Digital Forensics and the Physiological Time of Death
By: Frank Thornton
During an investigation, the Physiological Time of Death (TOD) is often critical to investigators. This is especially true in homicide cases when the investigator tries to determine the victim’s last movements and whom they might have been in contact with at a given moment in time. Digital forensics can play an important role in determining the physiological time of death. Continue reading “Digital Forensics and the Physiological Time of Death”
Caveats of Death Investigations:
Recording the Time of Death
By: Joseph Giacalone
Recording the time of death can often be a tricky situation for investigators. There are a number of things that are out of the investigator’s control, Time of Death (TOD) is only one of them. The golden rule for death investigations is to treat every one as if it is suspicious until evidence proves otherwise.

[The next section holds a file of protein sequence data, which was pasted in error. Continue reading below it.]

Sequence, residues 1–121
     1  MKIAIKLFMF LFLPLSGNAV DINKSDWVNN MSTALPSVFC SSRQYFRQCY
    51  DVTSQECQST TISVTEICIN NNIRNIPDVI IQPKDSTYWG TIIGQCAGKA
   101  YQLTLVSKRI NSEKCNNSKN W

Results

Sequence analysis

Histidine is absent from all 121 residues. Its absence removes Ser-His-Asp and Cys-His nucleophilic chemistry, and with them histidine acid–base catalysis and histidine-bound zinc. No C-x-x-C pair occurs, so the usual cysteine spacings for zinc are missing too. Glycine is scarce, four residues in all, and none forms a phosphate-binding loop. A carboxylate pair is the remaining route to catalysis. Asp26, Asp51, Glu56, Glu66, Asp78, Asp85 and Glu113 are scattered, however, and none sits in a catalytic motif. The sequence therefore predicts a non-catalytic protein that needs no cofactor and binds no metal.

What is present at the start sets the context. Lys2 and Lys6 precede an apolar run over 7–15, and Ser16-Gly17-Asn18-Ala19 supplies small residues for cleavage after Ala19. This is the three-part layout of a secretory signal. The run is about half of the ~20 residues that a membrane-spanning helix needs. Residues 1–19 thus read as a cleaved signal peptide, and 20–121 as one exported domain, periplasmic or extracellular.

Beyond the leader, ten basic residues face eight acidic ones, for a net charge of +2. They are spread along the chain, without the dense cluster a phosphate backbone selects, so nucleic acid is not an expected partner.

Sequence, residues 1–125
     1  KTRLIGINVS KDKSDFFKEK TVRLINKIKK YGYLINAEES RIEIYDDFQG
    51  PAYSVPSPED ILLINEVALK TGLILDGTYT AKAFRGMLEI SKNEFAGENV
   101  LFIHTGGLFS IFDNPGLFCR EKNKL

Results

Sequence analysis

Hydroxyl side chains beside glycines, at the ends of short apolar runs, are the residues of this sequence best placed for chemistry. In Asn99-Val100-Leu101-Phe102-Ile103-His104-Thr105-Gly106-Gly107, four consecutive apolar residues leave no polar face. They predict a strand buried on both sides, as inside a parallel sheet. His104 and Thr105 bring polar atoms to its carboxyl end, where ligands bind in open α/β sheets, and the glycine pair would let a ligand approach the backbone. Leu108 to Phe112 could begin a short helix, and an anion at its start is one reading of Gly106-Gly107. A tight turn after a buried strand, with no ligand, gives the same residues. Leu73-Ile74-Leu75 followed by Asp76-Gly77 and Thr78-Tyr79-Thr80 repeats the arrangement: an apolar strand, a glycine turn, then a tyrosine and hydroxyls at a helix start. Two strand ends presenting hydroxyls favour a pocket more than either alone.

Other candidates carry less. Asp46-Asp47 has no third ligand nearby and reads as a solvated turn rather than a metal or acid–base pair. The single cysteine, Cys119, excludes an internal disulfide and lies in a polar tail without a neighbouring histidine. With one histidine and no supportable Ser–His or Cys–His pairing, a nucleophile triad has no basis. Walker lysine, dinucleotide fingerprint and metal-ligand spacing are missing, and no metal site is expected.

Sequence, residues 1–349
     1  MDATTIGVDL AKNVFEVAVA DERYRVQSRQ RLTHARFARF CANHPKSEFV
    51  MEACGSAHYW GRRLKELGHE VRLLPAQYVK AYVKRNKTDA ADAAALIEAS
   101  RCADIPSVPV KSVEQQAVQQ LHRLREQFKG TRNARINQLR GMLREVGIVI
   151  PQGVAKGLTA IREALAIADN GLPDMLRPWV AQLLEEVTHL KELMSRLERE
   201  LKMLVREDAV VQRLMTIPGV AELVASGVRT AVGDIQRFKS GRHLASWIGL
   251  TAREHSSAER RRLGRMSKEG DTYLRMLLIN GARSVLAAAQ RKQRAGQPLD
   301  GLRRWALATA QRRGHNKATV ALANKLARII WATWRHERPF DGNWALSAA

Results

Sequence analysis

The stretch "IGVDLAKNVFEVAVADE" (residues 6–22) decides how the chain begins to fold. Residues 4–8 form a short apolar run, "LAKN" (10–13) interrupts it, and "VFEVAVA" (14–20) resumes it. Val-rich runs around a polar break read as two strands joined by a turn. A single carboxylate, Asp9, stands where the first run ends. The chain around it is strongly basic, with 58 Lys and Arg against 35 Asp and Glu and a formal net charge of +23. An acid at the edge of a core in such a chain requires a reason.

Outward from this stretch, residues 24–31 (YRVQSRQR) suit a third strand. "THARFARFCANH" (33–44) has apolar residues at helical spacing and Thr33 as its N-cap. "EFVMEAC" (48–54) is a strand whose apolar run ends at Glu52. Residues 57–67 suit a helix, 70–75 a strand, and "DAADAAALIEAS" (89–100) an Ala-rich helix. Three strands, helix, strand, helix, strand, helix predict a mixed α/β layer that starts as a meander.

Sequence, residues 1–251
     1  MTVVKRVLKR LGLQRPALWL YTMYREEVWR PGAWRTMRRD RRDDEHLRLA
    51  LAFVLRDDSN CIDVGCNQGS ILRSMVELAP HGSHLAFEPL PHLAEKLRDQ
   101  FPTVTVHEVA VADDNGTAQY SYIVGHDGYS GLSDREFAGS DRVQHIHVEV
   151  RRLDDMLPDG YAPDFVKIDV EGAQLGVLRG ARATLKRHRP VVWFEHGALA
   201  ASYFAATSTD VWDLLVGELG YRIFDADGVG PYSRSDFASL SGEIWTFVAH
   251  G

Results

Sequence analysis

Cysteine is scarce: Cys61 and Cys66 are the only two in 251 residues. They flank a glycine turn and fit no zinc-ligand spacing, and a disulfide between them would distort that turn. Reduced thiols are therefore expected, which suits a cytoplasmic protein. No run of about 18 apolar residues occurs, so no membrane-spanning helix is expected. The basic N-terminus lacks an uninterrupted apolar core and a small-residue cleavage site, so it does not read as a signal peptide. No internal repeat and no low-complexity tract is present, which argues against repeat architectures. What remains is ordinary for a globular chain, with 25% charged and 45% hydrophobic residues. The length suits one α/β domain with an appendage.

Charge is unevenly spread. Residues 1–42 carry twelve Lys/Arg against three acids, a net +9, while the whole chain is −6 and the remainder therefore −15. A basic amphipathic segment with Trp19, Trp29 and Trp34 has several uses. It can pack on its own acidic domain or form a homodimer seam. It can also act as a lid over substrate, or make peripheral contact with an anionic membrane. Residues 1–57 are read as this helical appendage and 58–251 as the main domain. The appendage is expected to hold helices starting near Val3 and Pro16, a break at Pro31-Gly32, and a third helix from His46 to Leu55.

Investigators have to deal with many things at the beginning of a death investigation to enable the medical examiner (or coroner) to make the proper Manner of Death classification. First and foremost, make sure that the crime scene is secured. Death investigations require a team. This team consists of: investigator, medical examiner (or coroner) and/or a medicolegal investigator (MLI). One of the most important and often confusing caveat of investigations is the TOD.
Continue reading “Recording the Time of Death”